On Thursday (10/29), the European Court of Human Rights (ECtHR) released its ruling on three cases concerning disappearances in Chechnya. In one of the cases, the victim, Mayrudin Khantiyev, had been abducted from his home by a group of masked men. In the other two cases, the victims, Yusup Satabayev and Kazbek Vakhayev, disappeared while in Russian detention. In all three cases, the Court rejected Russia’s arguments that the men had not been under Russian control at their time of disappearance and awarded the victims’ families a combined total of 130,540 euros for Russia’s violations of the victims’ rights under the European Covenant on Human Rights.
These cases fall in a steady stream of petitions to the Court concerning events in Chechnya—by some estimates up to 400. The Court has now issued judgments in 120 of these cases and has developed evidentiary presumptions for the Chechen context, which it applied to the cases at hand.
For example, the Court has before held that it will draw a negative inference from Russia’s refusal to turn over investigative reports—despite the fact that Russia’s domestic law bans the government from doing so. The Court relied on such an inference to reject Russia’s claims that Satabayev and Vakhayev had been released from Russian detention before they disappeared. Furthermore, the Court made reference to factual presumptions arising from Russia’s “exclusive control” of the area from which Khantiyev was abducted—as well as Russian guards’ “blatant passivity” in response to the event—in rejecting Russia’s contention that Khantiyev’s abductors had not been Russian agents.
In analyzing claims relating to the victims’ right to life, the Court referred to a much stronger evidentiary presumption that it first developed in the 2006 case of Imakayeva v. Russia: “[I]n the context of the conflict in the Chechen Republic, when a person is placed in detention without any subsequent acknowledgement of the detention, this can be regarded as life-threatening.” In other words, the Court will presume someone dead when it is established that they disappeared under Russian control.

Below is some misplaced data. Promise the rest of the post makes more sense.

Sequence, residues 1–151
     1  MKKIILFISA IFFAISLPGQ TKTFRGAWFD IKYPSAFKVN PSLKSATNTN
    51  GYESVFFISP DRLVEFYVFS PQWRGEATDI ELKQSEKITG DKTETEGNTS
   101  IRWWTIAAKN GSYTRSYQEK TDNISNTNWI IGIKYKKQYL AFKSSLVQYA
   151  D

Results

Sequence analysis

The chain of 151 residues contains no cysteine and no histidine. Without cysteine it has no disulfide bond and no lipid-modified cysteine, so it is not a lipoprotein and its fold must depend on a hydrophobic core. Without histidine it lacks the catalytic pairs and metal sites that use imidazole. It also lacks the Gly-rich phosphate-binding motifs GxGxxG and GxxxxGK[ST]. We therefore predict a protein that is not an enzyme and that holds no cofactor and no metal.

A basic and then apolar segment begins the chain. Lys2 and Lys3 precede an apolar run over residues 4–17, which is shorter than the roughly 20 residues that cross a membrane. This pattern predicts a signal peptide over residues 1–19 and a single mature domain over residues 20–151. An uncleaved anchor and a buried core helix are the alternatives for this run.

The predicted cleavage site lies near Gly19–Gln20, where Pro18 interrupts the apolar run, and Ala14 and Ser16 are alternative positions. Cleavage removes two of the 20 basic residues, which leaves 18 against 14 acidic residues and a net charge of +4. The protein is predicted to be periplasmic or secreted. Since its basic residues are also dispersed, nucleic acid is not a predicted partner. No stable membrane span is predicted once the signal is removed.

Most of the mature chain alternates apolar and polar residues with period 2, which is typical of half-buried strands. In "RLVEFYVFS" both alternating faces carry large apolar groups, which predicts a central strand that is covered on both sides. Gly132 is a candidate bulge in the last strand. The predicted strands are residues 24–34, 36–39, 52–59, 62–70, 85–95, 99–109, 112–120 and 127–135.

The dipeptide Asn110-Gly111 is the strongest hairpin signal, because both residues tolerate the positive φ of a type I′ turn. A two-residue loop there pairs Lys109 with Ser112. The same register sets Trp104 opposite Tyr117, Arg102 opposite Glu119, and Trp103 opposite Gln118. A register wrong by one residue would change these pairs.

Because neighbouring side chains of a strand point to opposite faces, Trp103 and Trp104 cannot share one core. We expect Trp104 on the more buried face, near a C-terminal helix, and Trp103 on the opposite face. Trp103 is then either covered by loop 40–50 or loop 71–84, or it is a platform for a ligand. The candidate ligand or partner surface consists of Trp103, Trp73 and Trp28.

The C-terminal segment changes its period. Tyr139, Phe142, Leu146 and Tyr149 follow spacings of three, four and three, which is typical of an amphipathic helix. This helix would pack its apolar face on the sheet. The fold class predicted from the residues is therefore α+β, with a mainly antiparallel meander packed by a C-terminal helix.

Ole Solvang, Executive Director of the Russian Justice Initiative, suggests that such victim-friendly evidentiary presumptions have developed in the Chechen disappearance context due to the fact that “[t]he frequent lack of evidence concerning the fate of the victim and the identity of the perpetrators makes it difficult for a court to hold individuals responsible for the disappearance of a person.” The problem is also widespread, with a Human Rights Watch (HRW) report from 2005 already estimating that some 5,000 people had disappeared in Chechnya at the hands of military and security forces since the outbreak of hostilities in 1999—occurrences that in the aggregate HRW calls a crime against humanity.
HRW’s allegations, based not on human rights law but rather on the laws of armed conflict or international humanitarian law (IHL), remind us that the line of Chechen cases before the ECtHR are part of a larger trend of victims of wartime atrocities turning to human rights tribunals to air their claims in the absence of effective enforcement for the laws of war. Last summer’s armed conflict in South Ossetia, for example, has given rise to a flurry of additional cases before the ECtHR as well as a claim by Georgia before the International Court of Justice (ICJ) that Russia’s actions violated the Convention on the Elimination of Racial Discrimination—a case that the ICJ accepted on the bases of the Convention even though it would not have been able to hear it without Russia’s consent had it been brought under IHL.
There are different views on the merits of translating wartime activities into claims under human rights instruments designed for peacetime, but one result of the trend is clear from the ECtHR’s treatment of the Chechnya cases. While IHL generally applies different law to different individuals based on their status as a civilian or member of an armed group, human rights courts seem generally willing to substitute their functional tests that look beyond membership to the individual characteristics of the victim. In the present three cases, for example, the Court made no distinction between Satabeyev, who had been a member of a rebel group, and the other two victims, who had not.
In other cases, the Court has further proved willing to enforce the protections provided by human rights law even when IHL would explicitly have offered lesser protection. For example, in the 1996 case of Bazorkina v. Russia, the Court found that a rebel detained while in active combat enjoyed the extensive procedural rights afforded by the Convention—as opposed to the low level of protection provided to combatants in non-international armed conflicts by Article 3 common to the 1949 Geneva Conventions.
Notwithstanding their legal victories, family members of victims in Chechnya still bemoan Russia’s continued unwillingness to help them locate the bodies of their loved ones, according to a HRW report published last month. Nevertheless, with some 300 cases still pending before the ECtHR on the Chechen conflict alone, as well as new cases from the South Ossetian conflict now on the dockets of the ECtHR and ICJ, it is unlikely we will soon see the end of war victims turning to human rights law for reparation.
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